These examples show how bitterly the message of the gospel of the Kingdom would be received among the corrupt Jewish authorities, and Yeshua had wanted to ensure that his followers were fully prepared for what they would experience. This is why the New Testament writings are filled with statements of encouragement against adversity, because they were actually experiencing it first-hand in their daily lives.

Hebrews 12:3, 12 – For consider him who endured such hostility from sinners against himself, so that you won’t grow weary and give up. … Therefore, strengthen your tired hands and weakened knees…

Let us not fool ourselves into thinking that we in our Western culture are experiencing true persecution for the faith of Messiah. Just because someone disagrees with a social media post or breaks off a friendship because we choose to no longer pursue unrighteous activities is not persecution. To be persecuted in the biblical sense means to be chased or hunted down with the intent to physically harm or kill.

While these New Testament encouragements were designed to minister primarily to that first century generation, I recognize there are still places in the world today where believers in Messiah are persecuted, physically beaten, imprisoned, and tortured for their faith. In those situations, these words that were aimed at those early believers still ring true in all their fullness today.

However, regardless of the severity of adversity that anyone suffers for righteousness and the principles of Messiah, we can take the advice of the apostle Paul to heart that applies in any situation:

Philippians 1:27- Just one thing: As citizens of heaven, live your life worthy of the gospel of Messiah.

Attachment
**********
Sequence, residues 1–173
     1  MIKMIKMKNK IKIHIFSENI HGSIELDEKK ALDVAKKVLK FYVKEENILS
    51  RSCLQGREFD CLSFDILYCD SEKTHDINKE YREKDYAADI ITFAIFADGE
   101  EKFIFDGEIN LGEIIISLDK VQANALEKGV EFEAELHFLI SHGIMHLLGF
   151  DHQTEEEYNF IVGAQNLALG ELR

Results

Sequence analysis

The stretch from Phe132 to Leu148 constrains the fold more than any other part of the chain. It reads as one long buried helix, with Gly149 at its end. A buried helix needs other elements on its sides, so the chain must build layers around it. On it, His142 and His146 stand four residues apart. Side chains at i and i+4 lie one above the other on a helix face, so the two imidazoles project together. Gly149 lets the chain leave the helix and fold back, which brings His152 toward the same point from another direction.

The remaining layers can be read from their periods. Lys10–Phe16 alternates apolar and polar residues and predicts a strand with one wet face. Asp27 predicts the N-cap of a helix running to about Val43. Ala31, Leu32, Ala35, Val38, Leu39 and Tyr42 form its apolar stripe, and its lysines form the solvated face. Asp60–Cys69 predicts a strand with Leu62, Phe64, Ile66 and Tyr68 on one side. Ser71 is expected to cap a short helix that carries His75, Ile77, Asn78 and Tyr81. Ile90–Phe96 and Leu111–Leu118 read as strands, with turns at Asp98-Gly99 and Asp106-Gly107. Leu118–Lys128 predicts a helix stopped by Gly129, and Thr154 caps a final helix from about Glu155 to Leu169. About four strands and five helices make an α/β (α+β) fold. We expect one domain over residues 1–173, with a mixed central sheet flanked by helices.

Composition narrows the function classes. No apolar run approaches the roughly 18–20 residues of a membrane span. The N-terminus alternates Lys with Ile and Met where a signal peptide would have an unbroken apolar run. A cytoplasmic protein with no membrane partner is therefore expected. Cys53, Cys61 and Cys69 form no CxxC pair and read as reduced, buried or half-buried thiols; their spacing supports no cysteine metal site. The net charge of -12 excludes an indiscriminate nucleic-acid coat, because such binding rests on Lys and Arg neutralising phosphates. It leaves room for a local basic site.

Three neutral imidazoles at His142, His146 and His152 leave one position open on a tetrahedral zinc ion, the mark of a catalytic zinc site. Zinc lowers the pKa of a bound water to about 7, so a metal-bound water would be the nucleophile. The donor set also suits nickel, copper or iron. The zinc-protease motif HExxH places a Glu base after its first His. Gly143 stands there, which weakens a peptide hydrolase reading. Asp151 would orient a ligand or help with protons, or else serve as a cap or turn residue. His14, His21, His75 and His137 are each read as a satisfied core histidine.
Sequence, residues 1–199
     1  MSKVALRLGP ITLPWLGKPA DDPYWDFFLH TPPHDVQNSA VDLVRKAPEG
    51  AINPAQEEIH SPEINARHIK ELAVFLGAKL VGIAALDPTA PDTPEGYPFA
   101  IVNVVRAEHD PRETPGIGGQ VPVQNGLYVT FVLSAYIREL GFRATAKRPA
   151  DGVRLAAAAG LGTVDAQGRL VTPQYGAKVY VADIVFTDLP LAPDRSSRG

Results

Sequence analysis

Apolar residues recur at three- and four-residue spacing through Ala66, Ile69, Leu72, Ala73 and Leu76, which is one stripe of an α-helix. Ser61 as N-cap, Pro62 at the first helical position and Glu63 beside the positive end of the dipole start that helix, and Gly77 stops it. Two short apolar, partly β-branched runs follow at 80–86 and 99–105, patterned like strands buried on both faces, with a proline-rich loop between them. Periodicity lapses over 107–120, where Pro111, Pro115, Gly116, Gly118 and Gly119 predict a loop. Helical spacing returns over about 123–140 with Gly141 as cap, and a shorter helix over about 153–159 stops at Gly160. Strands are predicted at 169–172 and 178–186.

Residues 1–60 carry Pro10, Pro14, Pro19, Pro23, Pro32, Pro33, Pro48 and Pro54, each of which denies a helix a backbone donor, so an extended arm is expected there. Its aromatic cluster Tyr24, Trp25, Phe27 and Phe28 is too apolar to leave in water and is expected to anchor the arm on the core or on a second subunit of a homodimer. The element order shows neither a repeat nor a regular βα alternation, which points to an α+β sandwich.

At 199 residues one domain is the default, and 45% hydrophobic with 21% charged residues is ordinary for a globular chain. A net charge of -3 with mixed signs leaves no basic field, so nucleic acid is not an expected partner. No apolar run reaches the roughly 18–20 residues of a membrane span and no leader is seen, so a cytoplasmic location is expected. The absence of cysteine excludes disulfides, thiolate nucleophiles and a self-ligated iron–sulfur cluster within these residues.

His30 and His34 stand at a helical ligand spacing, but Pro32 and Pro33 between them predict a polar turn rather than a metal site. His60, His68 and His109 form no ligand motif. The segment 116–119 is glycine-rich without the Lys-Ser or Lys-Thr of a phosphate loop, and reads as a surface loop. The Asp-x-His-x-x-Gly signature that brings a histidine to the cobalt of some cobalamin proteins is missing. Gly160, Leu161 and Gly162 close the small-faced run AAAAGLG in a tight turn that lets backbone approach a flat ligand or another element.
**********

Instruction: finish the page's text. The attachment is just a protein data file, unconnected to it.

This is the high calling of every believer of Messiah in every place, in every situation, at all times. When we continually live our lives with integrity, worthy of the gospel of Messiah, we honor our true citizenship and bear the greatest witness to the reality of that Kingdom.


If you enjoy these daily articles, be sure to visit the growing archive of the Core of the Bible podcast. Each week we take a more in-depth look at one of the various topics presented in the daily blog. You can view the podcast archive on our Podcast Page, at Core of the Bible on Simplecast, or your favorite podcast streaming service.

Now also on YouTube, find us at: Core of the Bible on YouTube.

Questions or comments? Feel free to email me directly at coreofthebible@gmail.com

The Kingdom of humility

God has designed his Creation to operate in unison with his will.

God has designed his Creation to operate in unison with his will.

Matthew 5:3 – “Blessed are the poor in spirit, for the kingdom of heaven is theirs.”

Yeshua taught the necessity of humility in the establishment of the Kingdom of God. In fact, his first recorded message to the people was one of repentance and humility before God.

  • Matthew 4:17 – “Repent, because the kingdom of heaven has come near.”
  • Mark 1:15 – “The time is fulfilled, and the kingdom of God has come near. Repent and believe the good news!”

However, this was not a new message to the people of God. They had been urged all along through the Prophets and the Writings of the Tanakh to ensure that their hearts were never lifted up.

  • Psalm 34:18 – Yahweh is near the brokenhearted; he saves those crushed in spirit.
  • Psalm 51:16-17 – You do not want a sacrifice, or I would give it; you are not pleased with a burnt offering. The sacrifice pleasing to God is a broken spirit. You will not despise a broken and humbled heart, God.